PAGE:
I am an engineer. This has tickled my fancy.Sadly, no. How can you effectively parry something that isn't moving?
I suppose if you had the resources, you could build a wall with a bunch of pneumatically operated fists that would randomly shoot out and hit you if you didn't block them.
I could see the guys at Mythbusters building something like that, but it would likely be beyond most of us.
"Solo drill" can be "partner drill" without partner. Is that what we all train at home when training partner is not available?
Of course the solo training (polish) is not the same as the partner training (develop). So what kind of "solo training" do you prefer to do at home when training partner is not available?Not useless, but not the same, either. You can 'go through the motions' by practicing forms or solo drills or whatever you'd like to call them, but it's not the same as actually parrying or blocking something.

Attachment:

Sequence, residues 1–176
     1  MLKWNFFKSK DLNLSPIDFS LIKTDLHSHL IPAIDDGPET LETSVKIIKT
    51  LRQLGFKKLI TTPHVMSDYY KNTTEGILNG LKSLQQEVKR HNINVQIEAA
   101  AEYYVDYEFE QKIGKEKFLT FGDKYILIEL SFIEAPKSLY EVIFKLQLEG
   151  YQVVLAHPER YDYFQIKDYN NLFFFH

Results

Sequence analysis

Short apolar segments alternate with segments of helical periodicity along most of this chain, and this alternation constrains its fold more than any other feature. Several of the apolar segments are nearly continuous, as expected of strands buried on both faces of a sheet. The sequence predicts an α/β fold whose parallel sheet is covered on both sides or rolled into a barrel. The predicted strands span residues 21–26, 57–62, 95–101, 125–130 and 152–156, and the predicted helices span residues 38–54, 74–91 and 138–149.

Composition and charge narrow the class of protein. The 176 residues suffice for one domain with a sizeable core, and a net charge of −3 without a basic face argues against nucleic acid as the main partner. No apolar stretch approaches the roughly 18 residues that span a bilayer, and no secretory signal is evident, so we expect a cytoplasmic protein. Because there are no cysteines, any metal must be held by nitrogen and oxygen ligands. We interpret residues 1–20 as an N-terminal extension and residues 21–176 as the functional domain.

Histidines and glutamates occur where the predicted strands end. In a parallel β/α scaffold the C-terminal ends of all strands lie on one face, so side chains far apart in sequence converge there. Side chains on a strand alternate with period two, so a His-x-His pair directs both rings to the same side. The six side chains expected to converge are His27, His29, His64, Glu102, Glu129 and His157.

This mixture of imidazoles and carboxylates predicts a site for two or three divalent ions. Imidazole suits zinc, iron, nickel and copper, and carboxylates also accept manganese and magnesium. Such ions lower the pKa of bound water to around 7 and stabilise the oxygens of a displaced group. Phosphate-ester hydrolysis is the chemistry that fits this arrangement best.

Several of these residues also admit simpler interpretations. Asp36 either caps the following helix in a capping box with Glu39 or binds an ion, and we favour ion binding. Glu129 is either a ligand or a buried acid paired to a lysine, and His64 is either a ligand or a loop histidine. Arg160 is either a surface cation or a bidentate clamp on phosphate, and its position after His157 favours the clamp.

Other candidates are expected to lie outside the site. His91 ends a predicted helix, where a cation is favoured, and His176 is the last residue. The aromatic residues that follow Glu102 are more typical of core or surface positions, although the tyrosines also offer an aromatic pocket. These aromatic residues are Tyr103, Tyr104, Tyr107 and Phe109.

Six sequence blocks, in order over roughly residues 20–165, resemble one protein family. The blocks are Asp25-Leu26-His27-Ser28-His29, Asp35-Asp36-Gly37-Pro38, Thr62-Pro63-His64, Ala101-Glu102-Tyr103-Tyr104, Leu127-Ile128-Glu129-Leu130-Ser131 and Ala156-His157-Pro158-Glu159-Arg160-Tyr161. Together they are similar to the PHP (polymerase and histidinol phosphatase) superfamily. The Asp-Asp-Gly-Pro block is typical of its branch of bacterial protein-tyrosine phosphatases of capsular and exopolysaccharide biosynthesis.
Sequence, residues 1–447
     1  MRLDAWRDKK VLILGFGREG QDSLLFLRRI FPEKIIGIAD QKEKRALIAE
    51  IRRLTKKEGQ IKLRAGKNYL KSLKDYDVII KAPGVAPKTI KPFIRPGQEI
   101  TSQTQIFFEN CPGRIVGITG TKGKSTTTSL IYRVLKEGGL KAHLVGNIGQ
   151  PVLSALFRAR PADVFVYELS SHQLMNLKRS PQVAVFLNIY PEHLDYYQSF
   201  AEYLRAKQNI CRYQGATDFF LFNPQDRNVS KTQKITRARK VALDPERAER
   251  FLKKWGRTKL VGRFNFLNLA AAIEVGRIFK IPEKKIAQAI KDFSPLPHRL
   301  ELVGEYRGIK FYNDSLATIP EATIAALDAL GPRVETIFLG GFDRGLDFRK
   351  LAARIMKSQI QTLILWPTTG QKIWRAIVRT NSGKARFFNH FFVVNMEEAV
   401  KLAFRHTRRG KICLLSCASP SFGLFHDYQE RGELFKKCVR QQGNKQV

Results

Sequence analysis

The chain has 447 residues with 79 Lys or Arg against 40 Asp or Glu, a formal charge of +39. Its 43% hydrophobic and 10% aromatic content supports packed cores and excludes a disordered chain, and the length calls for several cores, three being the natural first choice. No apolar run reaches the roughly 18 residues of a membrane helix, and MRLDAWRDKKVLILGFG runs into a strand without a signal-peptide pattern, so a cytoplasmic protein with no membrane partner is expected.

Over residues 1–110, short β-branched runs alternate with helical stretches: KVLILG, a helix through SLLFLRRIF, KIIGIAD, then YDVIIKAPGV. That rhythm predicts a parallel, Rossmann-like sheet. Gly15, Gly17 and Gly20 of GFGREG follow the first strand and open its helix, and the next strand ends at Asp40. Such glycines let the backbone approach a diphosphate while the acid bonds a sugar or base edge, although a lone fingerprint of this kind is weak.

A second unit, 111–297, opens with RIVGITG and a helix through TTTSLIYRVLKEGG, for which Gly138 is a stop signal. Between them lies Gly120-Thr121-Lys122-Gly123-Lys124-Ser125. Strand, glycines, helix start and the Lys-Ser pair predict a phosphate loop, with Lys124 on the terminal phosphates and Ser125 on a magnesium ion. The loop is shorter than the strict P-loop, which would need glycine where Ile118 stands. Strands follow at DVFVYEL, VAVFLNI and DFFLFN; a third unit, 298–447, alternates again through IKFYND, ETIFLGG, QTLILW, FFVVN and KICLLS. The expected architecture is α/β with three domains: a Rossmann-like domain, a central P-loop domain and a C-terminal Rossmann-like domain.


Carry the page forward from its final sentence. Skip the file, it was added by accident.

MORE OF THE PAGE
Of course the solo training is not the same as the partner training. So what kind of "solo training" do you prefer to do at home when training partner is not available?
But we are not talking aboutto actually practice parrying, you need to have something to parry.
But we are not talking about
- skill "development", or skill "testing" that we do in school, but
- skill "polishing" and skill "enhancement" that we do at home here.
I think that's what the OP's question - solo training at home. It can be anything besides just "parry".
And then we have those who get upset over semantics.If you say so...
But personally, since the OP asked specifically about parrying, I assume they want to know about, you know... parrying...